Sunday, April 01, 2007
WorldBlu is a "business" (sic) based in Washington, D.C. that specializes in workplace democracy. It gives Democracy in the Workplace awards to corporations that run their shops in a suitably enlightened way. It recently honored Continuum, a design firm near Boston that "eliminated most interior barriers, creating a vast open space." Personally, I am skeptical how this might further "workplace democracy". Note the "most" qualification above. That alone is enough to make one suspicious. Most companies knock down "interior barriers" merely to save costs, filling the resulting "vast open space" with cubicle farms and the like. WorldBlu could simply be awarding Continuum for its spin. Continuum vice president Freda King trumpets, "We do not have doors... It's structured that way to stimulate conversation and to allow people to work collaboratively. Anyone from the chief operating officer to our interns shares space and sits next to each other. You can stop in and have a conversation with anyone, anytime you want."
Mmm-hmm... Sure. Somehow I've heard this all before.
According to the founder of WorldBlu, Traci Fenton, 20th century corporations were "typically based on a military, command-and-control model that often remains today." (That is undoubtedly true. Decimation is a military concept, too - all the way back to Roman times - and it lives on in the practice of downsizing.) Fenton asserts that The Information Age changed things. The Internet empowered the little people by giving them the facts, arming them with the means to demand "workplace democracy." (On the other hand, one must also realize that The Information Age made business ever more bureacratic, and bureaucracies have never been a friend of democracy.)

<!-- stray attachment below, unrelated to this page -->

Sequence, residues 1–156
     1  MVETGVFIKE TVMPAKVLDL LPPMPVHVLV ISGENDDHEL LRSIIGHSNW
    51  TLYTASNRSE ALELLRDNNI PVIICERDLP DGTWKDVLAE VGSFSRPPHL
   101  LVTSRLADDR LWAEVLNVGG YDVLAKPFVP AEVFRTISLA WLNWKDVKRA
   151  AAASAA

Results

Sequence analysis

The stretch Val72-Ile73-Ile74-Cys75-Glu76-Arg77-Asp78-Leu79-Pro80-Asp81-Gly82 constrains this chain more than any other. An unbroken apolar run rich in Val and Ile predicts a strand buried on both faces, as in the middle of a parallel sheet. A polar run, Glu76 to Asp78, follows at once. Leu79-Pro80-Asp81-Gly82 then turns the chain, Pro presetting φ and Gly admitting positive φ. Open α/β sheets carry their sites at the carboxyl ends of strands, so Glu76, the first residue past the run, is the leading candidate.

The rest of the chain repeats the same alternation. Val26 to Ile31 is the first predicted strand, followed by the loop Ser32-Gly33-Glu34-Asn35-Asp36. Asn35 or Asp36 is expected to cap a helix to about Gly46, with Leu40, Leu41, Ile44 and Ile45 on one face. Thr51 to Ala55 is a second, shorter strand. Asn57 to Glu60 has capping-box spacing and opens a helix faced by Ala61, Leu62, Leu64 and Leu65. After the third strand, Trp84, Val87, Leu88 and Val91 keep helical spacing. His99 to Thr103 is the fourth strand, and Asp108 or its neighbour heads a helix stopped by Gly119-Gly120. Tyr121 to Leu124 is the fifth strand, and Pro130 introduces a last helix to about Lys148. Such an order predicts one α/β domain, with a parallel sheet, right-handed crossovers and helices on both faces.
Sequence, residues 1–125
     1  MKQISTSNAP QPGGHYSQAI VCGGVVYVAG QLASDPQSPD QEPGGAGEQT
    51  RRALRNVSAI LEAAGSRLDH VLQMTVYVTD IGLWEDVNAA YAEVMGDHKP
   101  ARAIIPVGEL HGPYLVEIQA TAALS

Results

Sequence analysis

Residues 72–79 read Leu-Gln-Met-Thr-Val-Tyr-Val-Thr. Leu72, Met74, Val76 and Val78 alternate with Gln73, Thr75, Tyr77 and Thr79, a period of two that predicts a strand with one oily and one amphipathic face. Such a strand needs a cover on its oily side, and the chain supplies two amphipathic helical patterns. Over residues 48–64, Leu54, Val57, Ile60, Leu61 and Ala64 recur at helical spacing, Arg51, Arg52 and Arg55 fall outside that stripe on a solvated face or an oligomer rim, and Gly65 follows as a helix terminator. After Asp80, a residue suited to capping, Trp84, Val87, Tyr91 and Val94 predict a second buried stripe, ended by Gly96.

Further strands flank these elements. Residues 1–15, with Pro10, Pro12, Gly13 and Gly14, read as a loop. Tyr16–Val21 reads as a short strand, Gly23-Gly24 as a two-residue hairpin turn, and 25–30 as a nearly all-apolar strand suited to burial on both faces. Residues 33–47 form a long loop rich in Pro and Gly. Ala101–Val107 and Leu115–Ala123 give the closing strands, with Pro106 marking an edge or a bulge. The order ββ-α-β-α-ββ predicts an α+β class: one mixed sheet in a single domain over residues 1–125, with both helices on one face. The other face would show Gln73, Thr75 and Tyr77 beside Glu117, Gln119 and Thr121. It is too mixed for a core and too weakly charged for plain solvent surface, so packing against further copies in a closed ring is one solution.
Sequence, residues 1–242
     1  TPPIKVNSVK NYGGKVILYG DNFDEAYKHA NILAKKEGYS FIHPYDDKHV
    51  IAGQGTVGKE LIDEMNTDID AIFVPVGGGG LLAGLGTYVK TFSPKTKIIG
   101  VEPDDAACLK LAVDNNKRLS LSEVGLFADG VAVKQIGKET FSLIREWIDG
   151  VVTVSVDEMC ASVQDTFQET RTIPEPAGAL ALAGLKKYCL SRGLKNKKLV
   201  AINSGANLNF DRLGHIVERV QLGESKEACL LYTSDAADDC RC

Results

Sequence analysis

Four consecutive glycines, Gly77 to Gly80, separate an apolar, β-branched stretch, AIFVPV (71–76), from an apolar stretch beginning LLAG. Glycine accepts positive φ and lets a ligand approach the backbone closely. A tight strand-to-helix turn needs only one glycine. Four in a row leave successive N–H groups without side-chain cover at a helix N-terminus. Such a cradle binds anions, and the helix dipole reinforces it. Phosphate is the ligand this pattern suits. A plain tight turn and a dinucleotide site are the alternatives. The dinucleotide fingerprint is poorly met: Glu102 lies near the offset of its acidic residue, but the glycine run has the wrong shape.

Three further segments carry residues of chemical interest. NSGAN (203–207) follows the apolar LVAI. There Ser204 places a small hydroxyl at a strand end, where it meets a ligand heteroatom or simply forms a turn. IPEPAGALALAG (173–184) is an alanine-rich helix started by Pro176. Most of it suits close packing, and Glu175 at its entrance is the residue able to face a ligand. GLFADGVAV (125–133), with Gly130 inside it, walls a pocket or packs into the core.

WorldBlu's Fenton insists that managers can spread their own power across an organization, as well as empower others, by delegating as much as possible to their subordinates. (Then again, there is the school of thought that believes in the Law of the Conservation of Power, which states that the more power you give to others, the less power you keep for yourself.) Other hallmarks of "workplace democracy" include "self-managed teams" that apparently control their own billing, "open town forums" where employees and managers can share ideas, and "hiring as a collective activity."
The article warns that "even advocates of democratic workplaces agree that they do not work for everyone." Some people need "structure". (What the article does not mention is that some people are allergic to bullshit as well. I am at least glancingly familiar with all of the democratic - or shall we say pseudo-democratic - corporate tactics above. The blend of collectivization and semi-autonomy bred by this approach often takes itself way too seriously, and more closely resembles the defunct Soviet Union than it does the good old U.S. of A. One thing I've noted is that, the more "democratic" a corporation imagines itself to be, the more quickly you will be ostracized if you make an even mildly iconoclastic remark about the system. Groupthink is the lifeblood of such organizations. The purported "democracy" thrives only by infusing the rank-and-file with the same authoritarian mindset as their masters. Sometimes there is more camaraderie among corporate underlings when they are all aware that the management sees itself as neither their ally nor their equal.)
"Democratic principles making businesses more transparent" from The Christian Science Monitor